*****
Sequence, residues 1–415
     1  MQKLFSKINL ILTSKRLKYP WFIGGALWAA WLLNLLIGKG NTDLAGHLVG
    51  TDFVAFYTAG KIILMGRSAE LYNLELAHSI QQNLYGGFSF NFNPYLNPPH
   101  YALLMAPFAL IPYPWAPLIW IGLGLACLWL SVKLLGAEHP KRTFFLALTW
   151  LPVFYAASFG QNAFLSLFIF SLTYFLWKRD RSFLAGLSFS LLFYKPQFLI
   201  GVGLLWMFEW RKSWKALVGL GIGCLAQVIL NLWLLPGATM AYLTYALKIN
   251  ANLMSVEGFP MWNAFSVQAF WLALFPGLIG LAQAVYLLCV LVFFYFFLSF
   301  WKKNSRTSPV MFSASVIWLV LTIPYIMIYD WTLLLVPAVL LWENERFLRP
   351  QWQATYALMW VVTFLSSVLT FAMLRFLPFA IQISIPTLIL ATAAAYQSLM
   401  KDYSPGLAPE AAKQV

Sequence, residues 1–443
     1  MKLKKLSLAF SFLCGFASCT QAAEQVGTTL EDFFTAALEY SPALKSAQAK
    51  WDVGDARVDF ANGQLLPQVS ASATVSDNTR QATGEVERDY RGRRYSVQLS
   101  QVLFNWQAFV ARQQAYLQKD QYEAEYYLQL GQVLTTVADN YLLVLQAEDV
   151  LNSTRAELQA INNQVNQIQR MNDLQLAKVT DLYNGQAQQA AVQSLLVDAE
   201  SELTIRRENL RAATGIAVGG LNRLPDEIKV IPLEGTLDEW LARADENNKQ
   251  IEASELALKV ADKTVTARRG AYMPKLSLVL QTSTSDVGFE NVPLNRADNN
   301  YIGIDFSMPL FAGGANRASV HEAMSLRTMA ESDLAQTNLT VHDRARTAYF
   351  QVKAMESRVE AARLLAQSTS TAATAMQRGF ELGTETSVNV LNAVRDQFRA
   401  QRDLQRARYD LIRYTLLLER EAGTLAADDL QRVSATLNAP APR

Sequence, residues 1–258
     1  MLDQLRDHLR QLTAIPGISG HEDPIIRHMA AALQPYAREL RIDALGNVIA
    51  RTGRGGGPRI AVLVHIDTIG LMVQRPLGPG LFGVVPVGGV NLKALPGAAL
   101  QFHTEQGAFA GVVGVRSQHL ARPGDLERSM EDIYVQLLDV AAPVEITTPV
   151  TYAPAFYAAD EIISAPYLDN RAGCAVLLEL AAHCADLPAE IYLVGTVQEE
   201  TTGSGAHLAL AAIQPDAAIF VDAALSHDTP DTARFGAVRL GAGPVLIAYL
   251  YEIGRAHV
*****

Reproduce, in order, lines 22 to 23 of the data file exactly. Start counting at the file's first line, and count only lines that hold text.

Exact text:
     1  MLDQLRDHLR QLTAIPGISG HEDPIIRHMA AALQPYAREL RIDALGNVIA
    51  RTGRGGGPRI AVLVHIDTIG LMVQRPLGPG LFGVVPVGGV NLKALPGAAL